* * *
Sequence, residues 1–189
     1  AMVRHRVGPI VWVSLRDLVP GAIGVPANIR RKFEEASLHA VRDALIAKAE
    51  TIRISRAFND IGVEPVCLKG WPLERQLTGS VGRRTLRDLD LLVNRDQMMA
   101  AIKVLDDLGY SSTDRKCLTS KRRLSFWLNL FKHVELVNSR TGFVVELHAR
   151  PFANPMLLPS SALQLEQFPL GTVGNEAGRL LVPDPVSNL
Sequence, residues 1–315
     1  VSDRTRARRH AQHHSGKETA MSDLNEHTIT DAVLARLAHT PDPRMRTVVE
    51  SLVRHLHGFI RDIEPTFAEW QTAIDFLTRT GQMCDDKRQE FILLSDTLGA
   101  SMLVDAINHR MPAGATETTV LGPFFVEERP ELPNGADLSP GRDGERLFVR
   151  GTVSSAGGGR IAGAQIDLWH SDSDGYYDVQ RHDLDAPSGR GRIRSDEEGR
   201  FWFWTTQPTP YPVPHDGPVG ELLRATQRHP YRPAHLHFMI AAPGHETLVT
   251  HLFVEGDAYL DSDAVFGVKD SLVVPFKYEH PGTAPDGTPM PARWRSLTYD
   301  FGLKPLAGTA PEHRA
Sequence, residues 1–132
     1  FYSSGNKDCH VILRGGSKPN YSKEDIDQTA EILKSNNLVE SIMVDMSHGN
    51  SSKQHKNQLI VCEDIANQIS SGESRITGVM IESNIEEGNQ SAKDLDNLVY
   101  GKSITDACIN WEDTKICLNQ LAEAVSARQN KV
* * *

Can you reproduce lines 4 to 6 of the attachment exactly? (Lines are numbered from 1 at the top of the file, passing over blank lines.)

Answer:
   101  AIKVLDDLGY SSTDRKCLTS KRRLSFWLNL FKHVELVNSR TGFVVELHAR
   151  PFANPMLLPS SALQLEQFPL GTVGNEAGRL LVPDPVSNL
Sequence, residues 1–315